The Handmaid's Tale, The Time-Traveler's Wife: Why Real Book Lovers Read Science Fiction

7 years ago

In this post, I’m going to argue that if you’re a serious book lover, you should be reading sci-fi. I’m going to identify some compelling reasons why you should be reading the genre. Finally, at the end of this article, I’ve got some tips on how to read sci-fi if you’re not very familiar with the genre at all.

Let Me Throw Some Titles at You.

Familiar, comfy titles that are literary bestsellers from the past 20 or so years:

  • The Handmaid’s Tale
  • The Road
  • Never Let Me Go
  • Oryx and Crake
  • The Time Traveler’s Wife

These are ALL works of science fiction.

Yep. That’s right. Somehow, those sneaky little aliens, robots and mad scientists all crawled under your radar and made you read a sci-fi novel without you even knowing it. Some of the book on the list above were even short-listed for the Booker Prize. Many of them are now classics of contemporary literature.

But Margaret Atwood Writes Real, Proper Literature

I hear you say. Here’s what Atwood has to say about her writing:

“Science fiction has monsters and spaceships; speculative fiction could really happen,” she explains.

Margaret Atwood argues here that what she writes is "speculative fiction." I disagree.  She writes dystopic science fiction, but markets it to the masses. Why? Because of the inane and incorrect stereotypes about sci-fi that persist even now. If it’s got someone as well known and well respected as Margaret Atwood cringing over associations with tight lycra suits, little green men and bad B-grade movies, then is it any wonder the genre attracts only six percent of the U.S. reading public?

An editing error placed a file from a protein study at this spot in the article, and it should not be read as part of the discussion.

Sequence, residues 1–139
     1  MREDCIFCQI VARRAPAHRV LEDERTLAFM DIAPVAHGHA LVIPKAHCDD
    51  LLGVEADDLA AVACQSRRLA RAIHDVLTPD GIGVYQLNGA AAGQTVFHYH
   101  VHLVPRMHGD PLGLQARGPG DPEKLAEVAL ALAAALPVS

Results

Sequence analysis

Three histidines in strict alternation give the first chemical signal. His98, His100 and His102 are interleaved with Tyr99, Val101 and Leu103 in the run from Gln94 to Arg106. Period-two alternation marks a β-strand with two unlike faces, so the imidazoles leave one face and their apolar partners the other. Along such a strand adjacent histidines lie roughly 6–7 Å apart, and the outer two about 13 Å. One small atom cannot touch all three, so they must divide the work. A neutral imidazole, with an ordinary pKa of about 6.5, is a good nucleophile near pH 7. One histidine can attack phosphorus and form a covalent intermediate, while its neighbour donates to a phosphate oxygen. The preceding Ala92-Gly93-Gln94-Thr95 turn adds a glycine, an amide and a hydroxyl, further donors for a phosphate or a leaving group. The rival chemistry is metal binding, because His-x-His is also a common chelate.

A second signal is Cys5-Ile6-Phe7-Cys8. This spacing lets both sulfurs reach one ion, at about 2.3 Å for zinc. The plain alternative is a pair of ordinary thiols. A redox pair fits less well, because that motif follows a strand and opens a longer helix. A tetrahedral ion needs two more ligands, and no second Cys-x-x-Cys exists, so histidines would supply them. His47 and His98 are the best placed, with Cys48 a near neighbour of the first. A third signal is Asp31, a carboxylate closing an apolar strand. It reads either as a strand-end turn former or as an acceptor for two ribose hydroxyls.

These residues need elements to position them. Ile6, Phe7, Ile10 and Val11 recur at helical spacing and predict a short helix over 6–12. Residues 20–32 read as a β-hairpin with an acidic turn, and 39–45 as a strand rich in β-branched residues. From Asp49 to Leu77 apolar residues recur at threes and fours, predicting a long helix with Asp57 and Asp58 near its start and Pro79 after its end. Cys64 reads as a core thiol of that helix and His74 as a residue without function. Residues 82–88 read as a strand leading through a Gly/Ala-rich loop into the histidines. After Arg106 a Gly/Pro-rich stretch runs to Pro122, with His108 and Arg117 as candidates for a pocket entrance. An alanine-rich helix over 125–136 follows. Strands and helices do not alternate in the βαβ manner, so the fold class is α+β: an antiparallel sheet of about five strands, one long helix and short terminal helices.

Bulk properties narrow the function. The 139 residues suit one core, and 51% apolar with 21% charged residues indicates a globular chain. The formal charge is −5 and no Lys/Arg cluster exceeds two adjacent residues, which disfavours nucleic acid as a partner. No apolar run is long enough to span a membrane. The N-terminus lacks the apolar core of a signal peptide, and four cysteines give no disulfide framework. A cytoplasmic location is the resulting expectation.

An example of clever marketing:

Remember Liane Hearn’s Across the Nightingale Floor? Remember its bland, abstract cover? All of this was a clever marketing ploy to ensure that a work of fantasy fiction didn’t turn the masses away from what was essentially, an amazing literary read.

Because, as you know, fantasy fiction is all about dragons, swords and ... ahh ... wizards.

Excuse me whilst I run away and wet myself laughing in the corner. This book sold millions. And it’s fantasy. Boy, were we all wrong.

Why You Should – No- MUST Read Science Fiction

The Handmaid’s Tale was one of the most life-changing, thought-provoking books I have ever read. It’s set in a time roughly about the present (not in some far distant future). There are no spaceships. No aliens. No mad scientists. There are religious fundamentalists gone wrong, though. In one fell swoop, they remove the rights of all women in the U.S. to read, hold jobs, hold a driver’s license –- to hold any kind of identity separate from that of their husband.

What made The Handmaid’s Tale such a gripping book (I called in sick at my job at the time so I could finish the book in a day!) was that it was so real. So utterly believable, because the setting was all so mundane and so very possible.

And it is this ... this engagement with reality, with ideas, and the clever cross-over into other genres (in Atwood’s case, it’s contemporary literature) that is why you absolutely must read science fiction.